Being in Germany

15 Nov

Although I have been living in sort of an “enchanted” corner of Germany… often spoiled with an English-speaking Canadian and good sported English-speaking Germans here at the secret world of the Seminar Haus, I am… nonetheless… living in Germany.  Things are different here and my regular American ways… don’t always have a way here.  Sometimes it is just little things… like the washing and hanging of the laundry here that is more like a ritual or an art or my hostess wondering what we call tea towels in the United States or what sort of towels we use to dry our dishes… the answer being, of course, in many homes…the dishwasher.  The other day a few of us were having a conversation and my hostess was searching for an English translation for what she was describing in German… the English term was… “plastic surgeon”… which sent them laughing… It was explained to me that in Germany plastic is “taboo” and materials such as glass…. more quality and basic things… are much more revered.  So to have a doctor called a plastic surgeons sounded odd to say the least.

After big seminars on the weekends we often have much left over food.  My American ways have trained me to pack it all up in the fridge and throw anything away at the first sign of spoiling.  Around here… things are allowed to linger a little bit more.  And while things are still healthy… food stays around longer before it is tossed away.  Jörn, the German man who has been living and working here for about the past month or so, once was surprised at me when I threw some food out.  I attempted to explain to him that it was just my experience and culture as an American.  He then shared with me that his parents lived in Germany after the second world war, when there was almost no food and he was raised by parents still living with fear that there might not be enough.  I was told that at that time people around here were literally starving. So in Jörn’s house growing up… food was kept around… and reused for days… and really, not thrown away.

And more and more, with my American porch companion gone…more  German is spoken at the Seminar Haus.  Seems natural as we are in Germany, but I suppose I got spoiled with everyone speaking English around me.  I have dipped my toe into the German language pool… and will continue to do so… but sometimes it is challenging for me to be sitting in a room filled with German conversations… and not understand.  Incidentally, I learned that the German language has something like 75,000 words and the English language has over 200,000 words…Sometimes I find I just love the sound of German and find it comforting to hear.  The other day traveling back from Hamburg, I can remember actually feeling a sigh of relief hearing the German announcement on the trains before we were to leave.  A strange modicum of  familiarity.  Sometimes I can pick out words or phrases that I understand.  But other times it is tough… and I feel disconnected from the people and the conversations that are happening and at times it takes some effort for me not to feel left out.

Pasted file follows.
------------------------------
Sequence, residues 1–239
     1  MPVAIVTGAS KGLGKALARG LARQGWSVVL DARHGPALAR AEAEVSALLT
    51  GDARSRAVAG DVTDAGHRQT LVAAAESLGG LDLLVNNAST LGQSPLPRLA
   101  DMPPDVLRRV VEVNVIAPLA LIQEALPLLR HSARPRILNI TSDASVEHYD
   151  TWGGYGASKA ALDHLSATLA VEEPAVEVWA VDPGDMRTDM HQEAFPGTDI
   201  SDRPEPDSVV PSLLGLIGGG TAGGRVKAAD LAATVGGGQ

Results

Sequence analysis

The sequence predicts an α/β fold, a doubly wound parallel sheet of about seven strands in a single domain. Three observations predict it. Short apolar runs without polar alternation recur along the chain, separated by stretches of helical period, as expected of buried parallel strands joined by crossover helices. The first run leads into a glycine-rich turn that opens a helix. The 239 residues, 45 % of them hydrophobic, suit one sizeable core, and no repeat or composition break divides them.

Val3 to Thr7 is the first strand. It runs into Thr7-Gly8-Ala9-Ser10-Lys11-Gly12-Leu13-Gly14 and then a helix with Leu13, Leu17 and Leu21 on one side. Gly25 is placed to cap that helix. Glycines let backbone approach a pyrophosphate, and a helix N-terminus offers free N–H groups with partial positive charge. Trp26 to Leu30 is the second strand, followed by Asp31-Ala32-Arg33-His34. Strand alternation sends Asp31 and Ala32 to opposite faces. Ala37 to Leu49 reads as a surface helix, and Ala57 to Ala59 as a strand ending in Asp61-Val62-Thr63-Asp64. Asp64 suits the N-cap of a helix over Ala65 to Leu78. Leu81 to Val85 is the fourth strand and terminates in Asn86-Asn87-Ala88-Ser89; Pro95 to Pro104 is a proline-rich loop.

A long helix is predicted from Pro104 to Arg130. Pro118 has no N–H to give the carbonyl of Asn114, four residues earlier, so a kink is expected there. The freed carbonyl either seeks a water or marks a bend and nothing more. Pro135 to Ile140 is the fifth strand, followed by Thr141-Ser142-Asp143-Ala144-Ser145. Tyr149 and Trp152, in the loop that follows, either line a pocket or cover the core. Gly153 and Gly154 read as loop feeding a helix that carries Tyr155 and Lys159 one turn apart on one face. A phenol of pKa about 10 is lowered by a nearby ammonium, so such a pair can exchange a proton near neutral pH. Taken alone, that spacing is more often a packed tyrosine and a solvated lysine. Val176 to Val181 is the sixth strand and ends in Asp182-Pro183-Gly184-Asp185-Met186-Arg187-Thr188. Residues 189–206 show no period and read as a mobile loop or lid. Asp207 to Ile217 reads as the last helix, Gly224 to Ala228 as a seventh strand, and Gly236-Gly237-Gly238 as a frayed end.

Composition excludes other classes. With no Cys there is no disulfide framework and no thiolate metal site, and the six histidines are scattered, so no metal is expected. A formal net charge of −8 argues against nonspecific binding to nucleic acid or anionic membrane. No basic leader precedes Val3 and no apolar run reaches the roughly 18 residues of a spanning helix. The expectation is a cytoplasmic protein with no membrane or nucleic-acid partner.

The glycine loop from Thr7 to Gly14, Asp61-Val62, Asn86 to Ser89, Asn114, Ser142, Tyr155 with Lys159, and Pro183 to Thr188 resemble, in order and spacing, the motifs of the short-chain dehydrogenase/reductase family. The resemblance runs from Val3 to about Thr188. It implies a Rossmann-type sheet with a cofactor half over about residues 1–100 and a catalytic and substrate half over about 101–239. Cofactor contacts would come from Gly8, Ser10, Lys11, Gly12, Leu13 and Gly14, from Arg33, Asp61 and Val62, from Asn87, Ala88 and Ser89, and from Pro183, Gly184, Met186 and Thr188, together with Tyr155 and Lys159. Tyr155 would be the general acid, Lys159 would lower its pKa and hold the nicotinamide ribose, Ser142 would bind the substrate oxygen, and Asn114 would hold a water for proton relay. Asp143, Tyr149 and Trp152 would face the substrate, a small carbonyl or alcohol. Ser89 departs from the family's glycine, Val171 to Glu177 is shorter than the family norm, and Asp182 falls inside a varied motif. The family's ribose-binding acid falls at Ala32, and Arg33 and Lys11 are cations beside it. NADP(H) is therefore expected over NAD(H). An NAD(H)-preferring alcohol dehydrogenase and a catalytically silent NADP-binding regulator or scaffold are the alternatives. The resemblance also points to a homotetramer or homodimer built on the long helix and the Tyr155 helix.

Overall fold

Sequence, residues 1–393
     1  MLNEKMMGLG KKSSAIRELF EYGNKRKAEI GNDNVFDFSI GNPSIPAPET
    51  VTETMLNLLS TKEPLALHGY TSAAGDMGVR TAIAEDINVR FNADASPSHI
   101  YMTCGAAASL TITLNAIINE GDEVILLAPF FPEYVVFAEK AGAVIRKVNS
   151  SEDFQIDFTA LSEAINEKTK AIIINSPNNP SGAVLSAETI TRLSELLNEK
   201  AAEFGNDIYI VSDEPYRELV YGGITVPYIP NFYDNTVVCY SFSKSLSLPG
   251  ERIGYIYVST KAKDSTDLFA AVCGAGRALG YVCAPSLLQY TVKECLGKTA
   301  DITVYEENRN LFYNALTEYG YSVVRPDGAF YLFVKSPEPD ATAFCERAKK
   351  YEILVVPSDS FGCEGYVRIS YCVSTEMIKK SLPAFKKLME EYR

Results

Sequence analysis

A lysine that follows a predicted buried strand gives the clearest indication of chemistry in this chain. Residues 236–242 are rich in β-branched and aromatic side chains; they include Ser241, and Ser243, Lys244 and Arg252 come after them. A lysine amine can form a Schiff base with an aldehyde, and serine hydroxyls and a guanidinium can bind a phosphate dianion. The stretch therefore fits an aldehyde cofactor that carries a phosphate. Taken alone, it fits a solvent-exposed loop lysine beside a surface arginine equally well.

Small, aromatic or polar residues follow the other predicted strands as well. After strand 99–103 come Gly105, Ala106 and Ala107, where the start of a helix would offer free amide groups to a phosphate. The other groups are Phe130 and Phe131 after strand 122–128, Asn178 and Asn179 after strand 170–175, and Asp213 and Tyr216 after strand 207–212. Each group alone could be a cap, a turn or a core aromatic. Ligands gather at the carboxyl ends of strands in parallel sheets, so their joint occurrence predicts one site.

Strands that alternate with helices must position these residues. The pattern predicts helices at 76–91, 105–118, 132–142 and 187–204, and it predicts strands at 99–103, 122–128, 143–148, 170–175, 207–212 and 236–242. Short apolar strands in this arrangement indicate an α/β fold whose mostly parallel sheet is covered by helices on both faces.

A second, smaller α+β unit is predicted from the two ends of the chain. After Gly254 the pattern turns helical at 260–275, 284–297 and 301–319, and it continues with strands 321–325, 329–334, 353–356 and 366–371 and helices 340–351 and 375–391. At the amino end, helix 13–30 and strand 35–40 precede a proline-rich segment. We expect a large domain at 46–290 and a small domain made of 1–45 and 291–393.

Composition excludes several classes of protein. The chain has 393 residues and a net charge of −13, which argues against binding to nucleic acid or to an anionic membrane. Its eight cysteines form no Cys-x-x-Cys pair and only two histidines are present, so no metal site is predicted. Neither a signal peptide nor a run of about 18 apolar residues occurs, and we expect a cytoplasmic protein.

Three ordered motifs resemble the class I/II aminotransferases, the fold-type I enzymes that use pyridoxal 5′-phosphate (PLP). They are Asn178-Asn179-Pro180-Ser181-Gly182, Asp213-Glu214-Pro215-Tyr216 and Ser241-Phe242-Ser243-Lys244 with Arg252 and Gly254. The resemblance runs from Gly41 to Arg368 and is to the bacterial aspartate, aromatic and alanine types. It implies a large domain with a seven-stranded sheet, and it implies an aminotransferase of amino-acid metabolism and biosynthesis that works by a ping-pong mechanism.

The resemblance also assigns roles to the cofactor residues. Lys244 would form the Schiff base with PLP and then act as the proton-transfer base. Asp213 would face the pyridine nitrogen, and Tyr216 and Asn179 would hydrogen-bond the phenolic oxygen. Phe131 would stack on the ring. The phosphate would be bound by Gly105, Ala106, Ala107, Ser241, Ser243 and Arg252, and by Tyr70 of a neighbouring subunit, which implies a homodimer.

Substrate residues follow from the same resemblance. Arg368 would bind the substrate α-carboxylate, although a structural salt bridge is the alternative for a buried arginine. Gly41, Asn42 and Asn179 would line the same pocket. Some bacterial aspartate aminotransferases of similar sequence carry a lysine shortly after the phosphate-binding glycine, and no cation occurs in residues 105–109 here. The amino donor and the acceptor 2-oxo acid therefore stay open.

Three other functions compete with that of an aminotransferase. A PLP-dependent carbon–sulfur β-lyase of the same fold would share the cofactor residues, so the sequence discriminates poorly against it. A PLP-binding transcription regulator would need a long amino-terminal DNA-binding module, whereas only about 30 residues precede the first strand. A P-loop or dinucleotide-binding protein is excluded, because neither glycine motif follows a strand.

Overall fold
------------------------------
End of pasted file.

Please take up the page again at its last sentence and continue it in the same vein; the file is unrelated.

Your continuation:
We have a new but familiar visitor this week at the Seminar Haus.  The woman who was the caretaker here before Dan is here.  She too is a Reiki Master and has come to assist the larger effort required this week as we prepare for a group twice as large as our typical weekend.  Furniture is being moved, beds rearranged… and typical cleaning and preparation.

It is a cool autumn night.  The coals in the fireplace still have some burning embers that will need to be fed before I go to sleep.  I have to smile as I notice my acceptance and appreciation of the cool air in my being… a feeling I haven’t felt for so long.  It has seemed like a long day… and it is time for a little rest… tonight surrounded by the frozen gardens of Wettenbostel under the cool night skies… being in Germany.

3 Responses to “Being in Germany”

  1. hereandthere40_Lucas Rokosz 15/11/2011 at 19:34 #

    Very well put together. Narration made me feel as though I was right there with you. Thanks for taking the time to share. -Lucas

    • nancieteresa 15/11/2011 at 21:58 #

      Thanks Lucas! Thanks for taking the time to read it!

  2. Amberr Meadows 15/11/2011 at 22:05 #

    The way you describe everything invokes the senses, and if I close my eyes, I can almost visualize myself there. Love the post!

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